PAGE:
Nucleosomes were assembled on 54A18 DNA fragments for RSC and SWI/SNF repositioning and 54A0 DNA fragments for Chd1 repositioning. Each 10 µl reaction contained 1 pmol of wild-type and mutant nucleosomes assembled on cy3 and cy5 labelled DNA, respectively, 50 mM NaCl, 50 mM Tris pH 7.5, 3 mM MgCl2, 1 mM ATP and the quantity of remodeller specified in figures. Samples were incubated in 0.2-ml thin walled PCR tubes (ABgene, UK) in an Eppendorf mastercycle with heated lid at 30°C for the times specified in figures, before reaction termination by transferal to ice and addition of 500 ng of HindIII-digested bacteriophage lambda competitor DNA (Promega, USA) and 5% (w/v) sucrose. Samples were resolved on a native polyacrylamide gel [5% acrylamide:bis acrylamide (49:1 ratio), 0.2 × TBE buffer (0.5 mM EDTA, 22.3 mM Tris-borate, pH 8.3), 0.1% APS and 0.1% TEMED]. Gels were cast horizontally between 20 by 20-cm glass plates using 1.5-mm Teflon spacers, before mounting vertically in the gel apparatus (Thermo Fischer Scientific, USA) and pre-running at 300 V for 3 h with continuous pump recirculation of 0.2 × TBE buffer between the upper and lower compartments at 4°C. Gels were run at 300 V for 3.5 h and imaged using a Phosphoimager FLA-5100 (Fujifilm, Japan). Gel band intensities were quantitated using AIDA software (Raytest, Germany). The proportion of nucleosomes repositioned was calculated as the intensity of the sum of all detectable products over the sum of the major initial position plus products. In many assembly reactions a proportion of nucleosomes are assembled at a minor assembly location marked as the P position (e.g. *in Figure 2A) (18). Including this band in the calculations was found not to significantly affect the determination of initial rates. In some histone mutants the proportion of nucleosomes assembled at the P position was altered, and some additional less abundant sites of deposition were also observed. However, again inclusion nucleosomes assembled at these locations was not found to significantly affect the comparison of initial rates. As a result, in the analysis presented here nucleosomes deposited at locations other than the major NucA locations are not in included in quantitation. For some mutations a small proportion of nucleosomes were observed to undergo thermal repositioning in control reactions lacking remodelling enzyme. However, this was generally detected after long incubations and the proportion of nucleosomes repositioned at early time points was low enough not to affect the calculation of initial rates. The reproducibility of the assay when carried out in this manner was found to be high (Supplementry Figure 1).
In this way the proportion of nucleosomes repositioned is calculated independently of the total signal detectable in each lane. The initial rate was calculated as previously described (11). Each initial rate was repeated at least three times using chromatin prepared in separate assembly reactions.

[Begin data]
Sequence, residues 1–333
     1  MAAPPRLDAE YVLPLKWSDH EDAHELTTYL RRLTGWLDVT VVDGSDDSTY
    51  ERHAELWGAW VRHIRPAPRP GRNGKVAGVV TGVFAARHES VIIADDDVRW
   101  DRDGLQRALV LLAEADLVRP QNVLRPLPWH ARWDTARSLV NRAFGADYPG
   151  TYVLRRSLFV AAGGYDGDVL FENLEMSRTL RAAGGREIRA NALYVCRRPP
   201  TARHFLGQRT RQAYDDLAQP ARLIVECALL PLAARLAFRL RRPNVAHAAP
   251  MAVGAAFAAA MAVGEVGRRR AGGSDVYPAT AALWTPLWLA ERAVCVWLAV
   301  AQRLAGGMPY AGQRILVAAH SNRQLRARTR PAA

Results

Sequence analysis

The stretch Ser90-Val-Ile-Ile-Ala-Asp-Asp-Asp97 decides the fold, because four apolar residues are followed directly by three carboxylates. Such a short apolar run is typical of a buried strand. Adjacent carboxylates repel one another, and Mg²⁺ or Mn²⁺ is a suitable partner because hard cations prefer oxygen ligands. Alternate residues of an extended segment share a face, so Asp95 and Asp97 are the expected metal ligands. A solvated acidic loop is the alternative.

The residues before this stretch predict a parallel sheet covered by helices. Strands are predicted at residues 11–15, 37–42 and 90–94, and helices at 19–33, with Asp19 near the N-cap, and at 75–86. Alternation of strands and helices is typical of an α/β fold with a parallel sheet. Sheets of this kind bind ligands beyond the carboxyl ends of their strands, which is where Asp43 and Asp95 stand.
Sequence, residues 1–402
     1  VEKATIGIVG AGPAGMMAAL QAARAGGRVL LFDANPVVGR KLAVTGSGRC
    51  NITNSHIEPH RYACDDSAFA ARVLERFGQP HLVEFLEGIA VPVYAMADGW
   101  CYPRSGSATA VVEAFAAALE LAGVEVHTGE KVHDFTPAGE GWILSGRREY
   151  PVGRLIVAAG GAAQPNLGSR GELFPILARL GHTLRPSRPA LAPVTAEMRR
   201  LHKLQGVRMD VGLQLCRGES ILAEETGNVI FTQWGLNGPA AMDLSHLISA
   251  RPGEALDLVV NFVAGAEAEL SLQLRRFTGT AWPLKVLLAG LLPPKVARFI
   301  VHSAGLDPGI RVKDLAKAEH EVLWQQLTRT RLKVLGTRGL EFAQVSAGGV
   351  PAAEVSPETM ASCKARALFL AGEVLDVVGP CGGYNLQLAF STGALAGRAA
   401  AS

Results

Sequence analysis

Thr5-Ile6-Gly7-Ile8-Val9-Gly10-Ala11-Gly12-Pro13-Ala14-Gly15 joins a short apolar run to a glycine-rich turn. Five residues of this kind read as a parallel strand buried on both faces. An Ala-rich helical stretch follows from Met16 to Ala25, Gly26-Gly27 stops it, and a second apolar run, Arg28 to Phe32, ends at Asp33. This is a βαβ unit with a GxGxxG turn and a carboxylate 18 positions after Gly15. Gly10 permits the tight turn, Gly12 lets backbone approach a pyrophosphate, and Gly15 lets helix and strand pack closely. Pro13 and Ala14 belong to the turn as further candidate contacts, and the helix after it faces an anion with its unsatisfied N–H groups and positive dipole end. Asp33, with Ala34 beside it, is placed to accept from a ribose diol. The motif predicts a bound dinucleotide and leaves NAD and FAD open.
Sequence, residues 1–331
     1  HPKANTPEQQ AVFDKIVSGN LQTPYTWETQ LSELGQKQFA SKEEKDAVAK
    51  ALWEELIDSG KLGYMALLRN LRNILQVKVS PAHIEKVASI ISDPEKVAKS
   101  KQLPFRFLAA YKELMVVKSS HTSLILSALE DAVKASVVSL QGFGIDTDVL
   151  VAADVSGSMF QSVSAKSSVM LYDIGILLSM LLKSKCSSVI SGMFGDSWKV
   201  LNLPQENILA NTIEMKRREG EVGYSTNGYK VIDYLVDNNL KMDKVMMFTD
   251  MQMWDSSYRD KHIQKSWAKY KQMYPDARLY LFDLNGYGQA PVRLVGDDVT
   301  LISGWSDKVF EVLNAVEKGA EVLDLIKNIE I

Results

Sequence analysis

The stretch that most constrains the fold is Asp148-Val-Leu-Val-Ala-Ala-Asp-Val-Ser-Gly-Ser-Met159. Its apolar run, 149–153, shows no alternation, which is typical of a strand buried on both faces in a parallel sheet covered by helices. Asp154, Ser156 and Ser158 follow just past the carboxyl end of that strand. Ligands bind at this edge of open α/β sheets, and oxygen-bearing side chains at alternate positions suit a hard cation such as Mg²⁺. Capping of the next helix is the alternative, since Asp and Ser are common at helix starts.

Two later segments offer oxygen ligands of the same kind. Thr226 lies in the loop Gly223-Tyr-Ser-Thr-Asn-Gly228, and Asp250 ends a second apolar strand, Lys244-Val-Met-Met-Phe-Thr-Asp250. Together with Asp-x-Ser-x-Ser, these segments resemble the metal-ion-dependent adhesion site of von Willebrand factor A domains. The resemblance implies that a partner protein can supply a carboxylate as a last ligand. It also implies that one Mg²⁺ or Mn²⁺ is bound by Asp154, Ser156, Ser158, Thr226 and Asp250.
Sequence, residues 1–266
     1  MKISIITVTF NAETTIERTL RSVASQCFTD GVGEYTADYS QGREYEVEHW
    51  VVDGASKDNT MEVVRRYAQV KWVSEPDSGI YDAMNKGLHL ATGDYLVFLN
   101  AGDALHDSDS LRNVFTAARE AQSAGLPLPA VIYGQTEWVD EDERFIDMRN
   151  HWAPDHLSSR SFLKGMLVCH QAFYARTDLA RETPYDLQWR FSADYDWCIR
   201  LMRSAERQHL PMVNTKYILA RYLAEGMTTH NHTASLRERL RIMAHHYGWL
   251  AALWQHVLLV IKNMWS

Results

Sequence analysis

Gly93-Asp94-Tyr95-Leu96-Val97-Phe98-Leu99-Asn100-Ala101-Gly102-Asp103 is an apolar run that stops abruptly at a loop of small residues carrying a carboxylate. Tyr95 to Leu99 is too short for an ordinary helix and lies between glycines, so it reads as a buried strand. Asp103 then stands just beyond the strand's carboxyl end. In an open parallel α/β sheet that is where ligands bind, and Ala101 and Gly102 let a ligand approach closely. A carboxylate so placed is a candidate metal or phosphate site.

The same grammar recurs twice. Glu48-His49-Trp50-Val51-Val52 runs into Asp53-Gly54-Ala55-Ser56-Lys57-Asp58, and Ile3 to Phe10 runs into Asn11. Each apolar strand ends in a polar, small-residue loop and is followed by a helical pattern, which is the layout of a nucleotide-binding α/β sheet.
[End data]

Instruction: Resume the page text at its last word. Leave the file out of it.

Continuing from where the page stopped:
Nucleosomes for high-resolution site-directed mapping (H3 C110A, H4 S47C) were prepared as previously described (18). Each 10 µl reaction contained 4 pmol mapping nucleosome, 50 mM Tris pH 7.5, 50 mM KCl, 1 mM MgCl2 and the RSC quantities specified in Figure 5. The samples were incubated at 30°C for 2 h, before termination by the addition of 500 ng of HindIII-digested bacteriophage lambda competitor DNA (Promega) and incubation on ice. One microlitre of 33 nM and 333-nM ammonium ferrous sulphate was added to the no RSC control and RSC repositioned samples, respectively and incubated on ice for 10 min. One microlitre of the reaction was removed and resolved on a 5% native polyacrylamide gel. To the remaining sample, 5 µl of 19.2-mM ascorbic acid and 0.05% (v/v) hydrogen peroxide was added to each sample, followed by incubation on ice for 90 min. The reactions were terminated by phenol:chloroform:isoamyl alcohol (25:24:1) extraction and ethanol precipitation. Each sample was re-suspended in 5 µl of mapping loading buffer (5 mM EDTA, 0.1% bromophenol blue in formamide), heated at 90°C for 3 min and loaded onto a sequencing gel [8% acrylamide:bis acrylamide (49:1 ratio), 8 M urea, 1 × TBE, 0.1% APS and 0.1% TEMED]. The gels were pre-run using 1 L of boiling 1 × TBE buffer until the temperature probe reached 50°C. The gel was loaded immediately and run at 50°C temperature, for 1.5–2 h. Fluorescent DNA markers for the 54A18 DNA fragment were created using a CycleReader Auto DNA Sequencing kit (Fermentas, Canada). The dideoxyribonucleotide sequencing products migrate 1 bp slower relative to the mapping cleavage products, as determined by examining the previously characterised +70 cleavage site for nucleosomes assembled on the 54A18 DNA fragments (19).
A competitive repositioning assay was used to compare the initial rates at which mutated and wild-type nucleosomes are moved by RSC and Chd1 (10,11). This involves mixing equimolar amounts of wild-type and mutated nucleosomes assembled on cy3 and cy5 labelled DNA fragments, ATP and the appropriate amount of remodelling enzyme at 30°C, before reactions were stopped by the addition of excess competitor DNA. The reaction products were analysed on native polyacrylamide gels and the extent to which the wild-type and mutant nucleosomes are repositioned established through the use of selective filters. As Chd1 repositions mononucleosomes most efficiently from positions close to DNA ends to more centrally located positions (18), we used a DNA fragment that positions nucleosomes such that 54 bp is located on one side and none on the other (54A0). Native gel electrophoresis can be used to track the loss of nucleosomes form their initial location and accumulation at destinations (Figure 1A). Quantitation enables the proportion of nucleosomes moved to be tracked over a time course (Figure 1B). Approximately three-quarters of the histone mutations tested caused relatively minor changes of 25% or less to the initial rate (Figure 1C). The H3 H39A mutation caused the greatest effect on Chd1 repositioning with a 1.9-fold ± 0.1 (mean ± standard error of the mean) increase to the initial rate relative to wild-type controls (Figure 1A and B). These results suggest that Chd1 is not greatly affected by mutations in this region of H3.